# The energy needed to keep charges in place

1. May 31, 2014

### Myr73

How much energy is needed to place four positive charges, each of magnitude + 5.0mC, at the vertices of a square of side 2.5cm ?

I am not entirely sure where to start here. Am I looking for W=? like the work it takes to place it ??

2. May 31, 2014

### Simon Bridge

Hint: work-energy relation.

Note: you don't need energy to keep charges in place, just to assemble them in the first place.

3. May 31, 2014

### dauto

Have you learned the energy associated with a pair of charged particles? If you haven't than first you should make sure you understand how to calculate the energy associated with a pair of particles before trying to solve a problem with multiple particles.

4. Jun 3, 2014

### Myr73

I am doing the work that was assigned to me, after the unit was done!

5. Jun 3, 2014

### Myr73

I am understanding to use the W=q( Vb-Va) = q( kQ/rb - kQ/ra) , and i am thinking you have to calculate like putting one at a time. Am I on the right track?

6. Jun 4, 2014

### Simon Bridge

That is correct.
The work needed to put the first one there is zero.
The second charge has to do work, or have work done on it, associated with the potential from the first charge.
The third charge has to deal with both the other charges etc.

7. Jun 5, 2014

### Myr73

Thanks, sounds great :)

8. Jun 5, 2014

### Myr73

Q1=Q2=Q3=Q4= + 5.0 mC=0.005C k=9X10^9 r=2.5cm=0.025m
There is no repelling force on the first charge, therefore placing Q1 is zero energy
W1=0
The second charge would have the first charge is a repelling force on it.
W2=kq1q2/r= 9000000J
The third charge would have a repelling force of both charge 1 and charge 2.
W3= { kq1q3/r} + (kq2q3/r}= 9000000J+9000000J= 18000000J
The last charge will have all other three charges causing repelling forces on it.
W4={kq1q4/r} + {kq2q4/r} + {kq3q4/r} =27000000J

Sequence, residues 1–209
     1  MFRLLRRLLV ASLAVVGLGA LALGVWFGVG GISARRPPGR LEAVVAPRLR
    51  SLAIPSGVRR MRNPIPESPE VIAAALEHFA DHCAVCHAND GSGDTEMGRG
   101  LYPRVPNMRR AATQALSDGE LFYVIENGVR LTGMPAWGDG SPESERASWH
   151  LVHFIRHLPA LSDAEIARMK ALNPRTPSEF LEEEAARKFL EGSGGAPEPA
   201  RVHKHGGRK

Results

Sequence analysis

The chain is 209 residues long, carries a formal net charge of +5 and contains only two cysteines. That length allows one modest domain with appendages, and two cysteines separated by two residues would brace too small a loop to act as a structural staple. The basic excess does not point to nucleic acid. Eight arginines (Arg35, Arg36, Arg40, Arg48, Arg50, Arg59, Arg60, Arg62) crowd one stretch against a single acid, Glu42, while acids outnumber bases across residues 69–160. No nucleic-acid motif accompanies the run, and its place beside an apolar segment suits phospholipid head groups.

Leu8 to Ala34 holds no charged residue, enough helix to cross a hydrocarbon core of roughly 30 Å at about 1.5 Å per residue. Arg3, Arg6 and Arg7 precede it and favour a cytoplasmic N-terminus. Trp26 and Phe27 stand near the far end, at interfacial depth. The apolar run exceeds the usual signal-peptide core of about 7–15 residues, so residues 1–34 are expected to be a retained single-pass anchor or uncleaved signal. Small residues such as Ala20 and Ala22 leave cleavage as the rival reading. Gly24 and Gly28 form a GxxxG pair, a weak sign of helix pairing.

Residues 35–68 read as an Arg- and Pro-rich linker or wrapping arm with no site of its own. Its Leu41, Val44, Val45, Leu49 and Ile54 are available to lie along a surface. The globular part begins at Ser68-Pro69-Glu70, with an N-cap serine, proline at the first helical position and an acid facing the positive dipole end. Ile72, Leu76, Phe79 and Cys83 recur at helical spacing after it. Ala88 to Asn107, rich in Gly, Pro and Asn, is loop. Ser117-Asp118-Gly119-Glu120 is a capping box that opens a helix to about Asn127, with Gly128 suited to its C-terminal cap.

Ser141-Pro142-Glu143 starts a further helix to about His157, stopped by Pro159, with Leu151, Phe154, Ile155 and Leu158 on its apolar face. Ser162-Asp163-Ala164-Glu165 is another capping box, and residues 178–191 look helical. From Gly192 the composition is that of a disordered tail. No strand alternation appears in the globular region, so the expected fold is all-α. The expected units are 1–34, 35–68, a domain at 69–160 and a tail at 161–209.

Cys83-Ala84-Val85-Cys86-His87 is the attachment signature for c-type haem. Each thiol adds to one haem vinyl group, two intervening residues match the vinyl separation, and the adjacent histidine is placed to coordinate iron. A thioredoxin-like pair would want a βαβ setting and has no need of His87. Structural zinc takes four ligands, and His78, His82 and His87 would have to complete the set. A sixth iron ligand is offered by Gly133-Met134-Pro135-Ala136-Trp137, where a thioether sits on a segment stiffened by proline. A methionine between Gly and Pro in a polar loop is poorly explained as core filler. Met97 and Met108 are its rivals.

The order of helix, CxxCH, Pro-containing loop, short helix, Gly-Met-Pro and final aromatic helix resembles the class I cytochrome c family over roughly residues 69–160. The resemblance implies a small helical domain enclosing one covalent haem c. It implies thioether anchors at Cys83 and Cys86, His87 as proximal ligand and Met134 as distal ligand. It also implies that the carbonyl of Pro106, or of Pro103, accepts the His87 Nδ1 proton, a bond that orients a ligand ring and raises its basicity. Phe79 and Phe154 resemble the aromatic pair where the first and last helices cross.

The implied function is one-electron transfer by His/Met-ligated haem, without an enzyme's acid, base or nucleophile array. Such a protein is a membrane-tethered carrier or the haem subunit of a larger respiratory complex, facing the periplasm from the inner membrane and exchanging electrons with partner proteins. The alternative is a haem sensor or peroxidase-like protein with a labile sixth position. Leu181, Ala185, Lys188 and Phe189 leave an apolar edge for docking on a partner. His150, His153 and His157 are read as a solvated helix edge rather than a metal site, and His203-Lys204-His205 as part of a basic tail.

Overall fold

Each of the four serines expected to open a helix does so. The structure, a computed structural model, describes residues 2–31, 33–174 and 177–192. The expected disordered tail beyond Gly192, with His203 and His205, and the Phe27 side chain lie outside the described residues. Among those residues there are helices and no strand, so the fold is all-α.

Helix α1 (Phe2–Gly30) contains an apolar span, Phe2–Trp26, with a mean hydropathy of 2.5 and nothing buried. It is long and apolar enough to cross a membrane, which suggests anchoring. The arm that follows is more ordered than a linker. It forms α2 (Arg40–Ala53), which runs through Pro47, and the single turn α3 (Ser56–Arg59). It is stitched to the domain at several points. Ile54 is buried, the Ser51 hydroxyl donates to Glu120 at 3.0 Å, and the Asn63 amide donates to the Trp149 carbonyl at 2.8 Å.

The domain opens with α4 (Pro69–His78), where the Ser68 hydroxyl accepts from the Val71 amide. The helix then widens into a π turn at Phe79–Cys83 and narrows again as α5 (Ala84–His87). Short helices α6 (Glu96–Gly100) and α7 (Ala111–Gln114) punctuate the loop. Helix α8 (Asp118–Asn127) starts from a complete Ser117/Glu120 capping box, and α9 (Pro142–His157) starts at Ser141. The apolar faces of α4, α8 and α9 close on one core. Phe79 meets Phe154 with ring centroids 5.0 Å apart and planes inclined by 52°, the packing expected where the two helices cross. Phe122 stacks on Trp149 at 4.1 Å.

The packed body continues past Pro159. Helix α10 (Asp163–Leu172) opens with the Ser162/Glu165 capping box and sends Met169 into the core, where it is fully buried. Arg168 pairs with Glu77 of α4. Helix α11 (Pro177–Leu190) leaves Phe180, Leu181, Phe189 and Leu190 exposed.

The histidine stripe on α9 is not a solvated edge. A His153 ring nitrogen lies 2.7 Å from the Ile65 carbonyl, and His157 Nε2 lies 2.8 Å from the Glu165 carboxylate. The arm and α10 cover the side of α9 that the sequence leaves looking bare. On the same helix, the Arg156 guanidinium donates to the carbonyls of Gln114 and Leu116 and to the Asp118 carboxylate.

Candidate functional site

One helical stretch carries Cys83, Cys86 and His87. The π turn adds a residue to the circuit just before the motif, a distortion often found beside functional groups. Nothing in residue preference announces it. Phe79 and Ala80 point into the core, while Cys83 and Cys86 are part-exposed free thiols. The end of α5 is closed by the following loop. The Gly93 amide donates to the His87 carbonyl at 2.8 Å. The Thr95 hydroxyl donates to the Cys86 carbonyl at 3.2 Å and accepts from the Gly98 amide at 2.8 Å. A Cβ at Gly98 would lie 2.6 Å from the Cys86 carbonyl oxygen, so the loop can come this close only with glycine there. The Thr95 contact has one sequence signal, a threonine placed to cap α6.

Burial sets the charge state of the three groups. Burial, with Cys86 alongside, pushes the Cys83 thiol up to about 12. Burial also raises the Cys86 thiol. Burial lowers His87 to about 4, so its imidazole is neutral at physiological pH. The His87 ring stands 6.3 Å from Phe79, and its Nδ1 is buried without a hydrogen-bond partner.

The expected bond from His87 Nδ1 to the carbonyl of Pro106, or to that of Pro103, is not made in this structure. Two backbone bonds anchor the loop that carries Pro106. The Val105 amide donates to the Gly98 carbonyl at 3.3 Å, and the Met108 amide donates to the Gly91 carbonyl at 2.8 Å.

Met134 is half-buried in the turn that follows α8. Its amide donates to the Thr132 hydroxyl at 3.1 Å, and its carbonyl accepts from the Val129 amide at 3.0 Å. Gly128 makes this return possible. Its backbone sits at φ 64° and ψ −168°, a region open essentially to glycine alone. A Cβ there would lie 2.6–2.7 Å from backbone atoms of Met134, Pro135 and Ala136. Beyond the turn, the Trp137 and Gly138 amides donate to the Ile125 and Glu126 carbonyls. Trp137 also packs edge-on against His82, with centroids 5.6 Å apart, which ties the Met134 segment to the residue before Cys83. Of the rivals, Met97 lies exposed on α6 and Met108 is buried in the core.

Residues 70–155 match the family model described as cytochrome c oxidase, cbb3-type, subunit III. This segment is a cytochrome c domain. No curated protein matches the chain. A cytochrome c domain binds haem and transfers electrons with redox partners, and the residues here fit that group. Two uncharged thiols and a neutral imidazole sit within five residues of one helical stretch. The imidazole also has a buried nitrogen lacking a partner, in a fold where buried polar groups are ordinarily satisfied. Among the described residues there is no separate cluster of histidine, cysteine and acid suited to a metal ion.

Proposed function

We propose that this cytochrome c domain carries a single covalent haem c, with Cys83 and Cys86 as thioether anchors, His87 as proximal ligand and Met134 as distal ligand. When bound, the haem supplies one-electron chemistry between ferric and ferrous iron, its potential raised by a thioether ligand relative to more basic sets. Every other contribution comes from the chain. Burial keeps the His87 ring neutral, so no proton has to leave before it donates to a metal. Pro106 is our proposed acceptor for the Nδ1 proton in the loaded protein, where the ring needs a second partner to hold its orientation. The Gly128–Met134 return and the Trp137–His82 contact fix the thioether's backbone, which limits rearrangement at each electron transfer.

Total W= W1+W2+W3+W4= 0+ 9000000J+ 18000000J+ 27000000J=54000000J

This look right??

9. Jun 5, 2014

### Simon Bridge

All charges magnitude q, and we want to assemble them into a square with side length a.

Bring the 1st charge to the origin - no work.
Bring the next charge to point (a,0) work = kq^2/a - you got that too, good.

Bring the third charge to point (0,a) ... this charge is distance "a" from (0,0) but is a different distance from (a,0). Your calculation gave them all the same distance.

Bring the fourth charge to point (a,a) to complete the square.
Two of the three distances are the same but one is different.

It helps to draw a picture.

10. Jul 22, 2014

### Myr73

Right-Thanks- I missed that- Different r when its accros-

11. Jul 22, 2014

### Simon Bridge

Well done.
You'll find that a lot of physics is done with diagrams.

12. Jul 22, 2014

### Myr73

So, correct me if i'm wrong please, I got
Adj^2 + Opp^2= Hyp^2 --> r(b)=SqRt{ 0.025m^2+ 0.025^2}
r (b)= 0.035m( across the square , from one corner to another)
The third charge would have a repelling force of both charge 1 and charge 2.
W3= { kq1q3/r(a)} + (kq2q3/r(b)}= 9000000J+6428571J= 15 428 571 J
The last charge will have all other three charges causing repelling forces on it.
W4={kq1q4/r(a)} + {kq2q4/r(a)} + {kq3q4/r(b)} = 24 428 571 J

Total W= W1+W2+W3+W4= 0+ 9000000J+ 15428 571J+ 24 428 571J=48 847 142J

13. Jul 22, 2014

### Simon Bridge

That looks good. It helps to do the whole thing in variables first though.
For 4 charges q in a square sides x

All charges same sign so all forces are repelling - need to do positive work to bring the charges to the square.
All charges same magnitude, so the sum will look like:U=kq^2(some factors)
The factors will depend on distances.

repulsion along a side adds a factor of 1/x^2
repulsion along a diagonal adds a factor of 1/2x^2 (pythagoras)
... thus two diagonals contributes the same as one side.

The first charge has no contribution
the next one adds a side (repulsion is only along one side of the square)
the next adds a side and a diagonal
the next adds two sides and a diagonal
that's a total of 4 sides and 2 diagonals or 5 sides all together.

U=5kq^2/x^2

x=2.5cm
q=5mC

Interesting that the question is given in cm and mC ... why pick those units?
k=8.988x109Nm^2/C^2 (10000 cm^2/m^2) (0.0001C^2/mC) = 8.988x109N (cm^2)/(mC^2)
... in other words - you don't have to convert to whole Coulombs and meters.

14. Jul 23, 2014

### ehild

1 mC= 0.001 C.

ehild

15. Jul 23, 2014

### Simon Bridge

... so there is...
... and so there are 0.001C/mC or 10^-6 C^2/mC^2 oh I missed a zero?

k=8.988x10^8 N cm^2/mC^2.

I think I need a vacation :(

16. Jul 23, 2014

### ehild

Two zeroes
Happy vacation!

ehild

17. Jul 23, 2014

### Myr73

Thank you for all your help :D

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